Community networks recognised as an emerging topic in UN resolution on WSIS follow-up

Image: By Zenzeleni Networks

By APCNews Geneva, 04 September 2018

Almost 15 years ago, at the conclusion of the first phase of the World Summit on the Information Society (WSIS), representatives of peoples of the world declared their “common desire and commitment to build a people-centred, inclusive and development-oriented Information Society.” Since then, being connected to the internet has become increasingly necessary for day-to-day transactions – from banking to registering children in school – and vital to the exercise of rights. However, there are still one billion people who do not have access to basic telephony service and four billion people (more than half the world's population) without access to the internet. The gender gap continues to exist in many places – women are less likely than men to make use of the internet, especially in the least developed countries. 

In spite of the dramatic growth in access, particularly through mobile telephony and data, the inclusive and development-oriented information society, where everyone can create, access, utilise and share information and knowledge envisaged by the WSIS is far from being achieved. Within this context, community networks have become an increasingly important solution. However, they are often overlooked by policy makers and in conversations between governments, big companies, industry associations and development agencies. 

This aspect – the need to include community networks as a solution to access gaps in the WSIS follow-up and implementation process -– was the main focus of APC’s participation at this year’s Commission on Science and Technology for Development (CSTD) annual session held in Geneva on 14-18 May 2018. This idea was supported by several CSTD member states, including Canada, a country that faces significant challenges in connecting dispersed populations in very remote locations and which has been an early adopter and innovator in community networking, through projects such as the Kuhkenah Network (K-Net), which provides information and communication technologies (ICTs), telecommunication infrastructure and application support in First Nation communities in remote regions of the country.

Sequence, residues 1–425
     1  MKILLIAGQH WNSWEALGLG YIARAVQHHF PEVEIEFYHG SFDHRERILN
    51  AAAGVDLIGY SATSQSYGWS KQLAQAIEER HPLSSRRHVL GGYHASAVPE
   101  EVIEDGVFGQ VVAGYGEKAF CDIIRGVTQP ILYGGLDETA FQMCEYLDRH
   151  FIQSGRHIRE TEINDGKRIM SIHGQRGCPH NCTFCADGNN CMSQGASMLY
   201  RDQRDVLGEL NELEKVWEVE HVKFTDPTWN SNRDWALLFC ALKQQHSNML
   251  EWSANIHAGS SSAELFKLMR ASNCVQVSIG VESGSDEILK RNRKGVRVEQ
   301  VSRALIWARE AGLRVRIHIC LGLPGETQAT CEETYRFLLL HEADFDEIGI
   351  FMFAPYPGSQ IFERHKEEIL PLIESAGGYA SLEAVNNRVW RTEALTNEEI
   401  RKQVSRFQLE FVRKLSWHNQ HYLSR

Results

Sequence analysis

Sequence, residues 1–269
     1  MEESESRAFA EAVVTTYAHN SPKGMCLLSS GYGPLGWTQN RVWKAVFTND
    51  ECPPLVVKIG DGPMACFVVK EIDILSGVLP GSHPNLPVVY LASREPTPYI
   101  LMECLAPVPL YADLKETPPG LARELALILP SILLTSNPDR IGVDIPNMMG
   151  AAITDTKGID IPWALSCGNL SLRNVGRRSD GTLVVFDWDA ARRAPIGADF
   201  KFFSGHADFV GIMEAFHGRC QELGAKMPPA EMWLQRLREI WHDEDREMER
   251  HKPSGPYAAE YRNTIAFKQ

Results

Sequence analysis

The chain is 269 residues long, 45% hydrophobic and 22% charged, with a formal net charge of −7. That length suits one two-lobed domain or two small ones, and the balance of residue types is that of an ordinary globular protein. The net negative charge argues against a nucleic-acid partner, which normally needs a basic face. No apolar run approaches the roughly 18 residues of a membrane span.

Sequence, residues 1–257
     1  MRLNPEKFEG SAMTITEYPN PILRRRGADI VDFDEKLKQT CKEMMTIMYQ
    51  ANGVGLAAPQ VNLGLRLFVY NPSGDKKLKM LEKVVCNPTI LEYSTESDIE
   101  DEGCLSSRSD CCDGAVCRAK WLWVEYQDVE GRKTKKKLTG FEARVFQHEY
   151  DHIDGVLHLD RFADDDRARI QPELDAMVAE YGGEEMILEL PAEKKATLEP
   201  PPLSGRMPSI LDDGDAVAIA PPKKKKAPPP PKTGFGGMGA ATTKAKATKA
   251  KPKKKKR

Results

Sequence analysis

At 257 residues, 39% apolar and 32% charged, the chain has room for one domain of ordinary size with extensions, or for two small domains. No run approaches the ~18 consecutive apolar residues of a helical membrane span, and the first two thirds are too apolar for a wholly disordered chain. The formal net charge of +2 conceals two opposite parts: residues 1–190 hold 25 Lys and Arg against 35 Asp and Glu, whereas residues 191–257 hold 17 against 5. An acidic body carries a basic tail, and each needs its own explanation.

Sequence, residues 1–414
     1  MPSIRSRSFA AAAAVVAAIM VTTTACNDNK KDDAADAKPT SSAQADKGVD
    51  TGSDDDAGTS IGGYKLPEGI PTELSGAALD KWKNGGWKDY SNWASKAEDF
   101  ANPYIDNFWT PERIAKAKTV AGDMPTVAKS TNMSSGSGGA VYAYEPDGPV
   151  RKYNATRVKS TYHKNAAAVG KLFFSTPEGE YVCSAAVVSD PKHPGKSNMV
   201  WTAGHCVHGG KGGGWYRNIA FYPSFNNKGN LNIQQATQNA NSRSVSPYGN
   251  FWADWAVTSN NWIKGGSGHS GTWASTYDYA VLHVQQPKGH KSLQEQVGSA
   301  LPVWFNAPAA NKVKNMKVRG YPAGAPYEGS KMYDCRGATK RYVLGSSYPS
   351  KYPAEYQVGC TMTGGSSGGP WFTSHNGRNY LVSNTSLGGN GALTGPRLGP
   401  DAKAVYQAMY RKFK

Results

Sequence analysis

How the unconnected are connecting themselves

To illustrate how community networks work in practical terms, APC's Anriette Esterhuysen presented the Local Access Networks project, led by Carlos Rey-Moreno. The presentation, entitled “How the unconnected are connecting themselves”, focused on the story of of APC member Zenzeleni Networks in rural South Africa. This took place during the panel discussion on progress made in the implementation of and follow-up to WSIS outcomes at the regional and international levels, followed by a general discussion moderated by the vice-chair of the CSTD.

Response to APC’s presentation was very positive. The value of community networks was also affirmed by the Internet Society (ISOC), which has been a leading supporter of the value of these initiatives. 

By the end of the annual 2018 CSTD session, community networks were recognised in the official resolution on WSIS follow-up and implementation adopted by the Economic and Social Council, on 24 July:

50. Notes that topics continue to emerge, such as e-environment applications and the contribution of information and communications technologies to early warning, mitigating climate change, social networking, virtualization and cloud computing and services, mobile Internet and mobile-based services, community networks, cybersecurity, the gender gap, the protection of online privacy and the empowerment and protection, especially against cyberexploitation and abuse, of vulnerable groups of society, in particular children and young people.

According to Esterhuysen, community networks demonstrate that “people, with very few resources and some support, can take action on their own terms to solve their own problems. We are very satisfied that community networks were given attention and recognised as a key solution by the CSTD, and mentioned in the later resolution.”

“Policy makers and regulators in the global South pay close attention to the recommendations and resolutions from international organisations,” Rey-Moreno noted. “The addition of the term 'community networks' in the WSIS resolution may seem small, but it is a great step. It helps establish a foundation to build on in other resolutions and recommendations from global policy forums.” 



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